Speaking about the EU-India Biofuels roadmap and stressing the four main areas for action (financial innovation, ESG and carbon reporting, circular bio-economy and social transformation) needed to accelerate progress on the scaling of biofuel production, Dr Patrick Crehan of CKA Brussels, highlighted that the entire geography of fuel production is changing both nationally and globally on a massive scale.

Decarbonising the aviation and maritime sectors requires social transformation on an unprecedented scale. It is not just a question of substituting fossil fuels with renewable substitutes. It is a question of totally reinventing the energy system and ending up with something that has the power to transform society at every level.

Sourabh Mukherjee, executive vice president of TATA Projects Ltd, India noted that one of the biggest challenges that he sees for the decarbonisation of air travel is the availability of sustainable aviation fuel. We need to increase collaborations and build the technologies and enhancements into the existing structures and supply chains. We need to build ecosystems where from the time is developed, even at the inception stage, we start looking at constructability. All of this needs digitalisation.

Expanding on the calls under Mission Innovation, and the upcoming bilateral calls between EU and India, Dr Sangita Kasture, Head - Energy, Environment & Forest Decision Unit, Department of Biotechnology (DBT) India explained that the goal is to develop and demonstrate innovative solutions to accelerate the commercialisation of integrated biorefineries, with a target of replacing 10% of fossil-fuel based fuels, chemicals, and materials with bio-based alternatives.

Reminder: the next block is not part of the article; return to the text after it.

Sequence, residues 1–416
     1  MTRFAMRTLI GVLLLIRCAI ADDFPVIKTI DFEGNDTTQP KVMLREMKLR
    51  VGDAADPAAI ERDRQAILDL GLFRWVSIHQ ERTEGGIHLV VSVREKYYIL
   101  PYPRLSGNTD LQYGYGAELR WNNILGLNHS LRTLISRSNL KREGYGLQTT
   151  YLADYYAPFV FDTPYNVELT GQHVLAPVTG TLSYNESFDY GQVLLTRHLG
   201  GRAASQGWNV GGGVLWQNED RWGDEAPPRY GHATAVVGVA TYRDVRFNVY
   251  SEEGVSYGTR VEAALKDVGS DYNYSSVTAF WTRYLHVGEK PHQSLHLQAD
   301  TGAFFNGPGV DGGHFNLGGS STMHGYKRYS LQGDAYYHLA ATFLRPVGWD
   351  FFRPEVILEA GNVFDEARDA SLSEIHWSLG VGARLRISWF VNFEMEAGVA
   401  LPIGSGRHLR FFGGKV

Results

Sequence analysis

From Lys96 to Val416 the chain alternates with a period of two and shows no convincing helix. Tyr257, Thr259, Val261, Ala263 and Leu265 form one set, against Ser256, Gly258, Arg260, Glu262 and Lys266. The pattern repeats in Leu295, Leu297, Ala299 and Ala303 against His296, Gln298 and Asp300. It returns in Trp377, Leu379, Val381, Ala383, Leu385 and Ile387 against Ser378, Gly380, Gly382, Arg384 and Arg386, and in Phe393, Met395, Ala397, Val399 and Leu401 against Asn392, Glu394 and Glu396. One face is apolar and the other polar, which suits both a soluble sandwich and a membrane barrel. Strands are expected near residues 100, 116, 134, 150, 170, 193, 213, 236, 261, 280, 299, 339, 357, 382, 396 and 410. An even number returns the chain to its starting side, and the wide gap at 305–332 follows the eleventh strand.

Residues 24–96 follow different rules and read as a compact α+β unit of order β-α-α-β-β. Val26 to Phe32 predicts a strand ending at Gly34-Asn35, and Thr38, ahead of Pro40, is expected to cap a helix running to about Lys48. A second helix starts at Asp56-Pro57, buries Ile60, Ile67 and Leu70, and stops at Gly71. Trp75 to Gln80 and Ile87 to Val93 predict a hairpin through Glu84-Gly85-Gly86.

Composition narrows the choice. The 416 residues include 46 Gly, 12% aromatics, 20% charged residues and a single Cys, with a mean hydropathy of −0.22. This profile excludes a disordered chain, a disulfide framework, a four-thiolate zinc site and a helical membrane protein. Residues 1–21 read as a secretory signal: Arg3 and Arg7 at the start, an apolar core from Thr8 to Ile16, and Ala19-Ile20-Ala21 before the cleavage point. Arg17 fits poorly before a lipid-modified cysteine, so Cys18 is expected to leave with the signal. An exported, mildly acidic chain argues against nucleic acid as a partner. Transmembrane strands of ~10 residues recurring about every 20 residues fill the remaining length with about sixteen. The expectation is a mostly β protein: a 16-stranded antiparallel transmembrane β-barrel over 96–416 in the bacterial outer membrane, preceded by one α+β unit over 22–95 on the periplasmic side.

Delivering a presentation at the workshop, Shekhar Kulkarni, Director, Centre for High Technology (CHT) Ministry of Petroleum and Natural Gas (MoP&NG), Government of India stressed that it is indeed the right time to focus on biofuels, especially 2G Ethanol derived from agricultural waste.

Giving an overview of green fuels in maritime transport Dr Piyali Das, Senior Fellow, TERI explained that for inland and coastal shipping, the drop-in fuel along with electric hybrid seems the most promising and immediate solution.

She further emphasised the need for investment to drive the development and adoption of green fuel in the coming decade. For international shipping, to comply with IMO guidelines and to remain on the transition pathway, India has great collaboration opportunities especially for green methanol and other hydrogen derivative fuels, technology adoption for green fuel handling, bunkering, storage and developing regulatory aspects. She added that there is also a need for multi-sectoral and multi-ministerial collaboration to scale up the development of SAF and sustainable fuels for marine and road transport applications.

The two-day workshop saw stakeholders across sectors engage in breakout sessions on feedstock production; ESG, CO2, and natural capital reporting; circular bio-economy; and social transformation to deliberate and discuss how the roadmap can be enriched by searching for possible solutions to the challenges posed by sustainable biofuels in mainstreaming it for aviation and maritime transportation.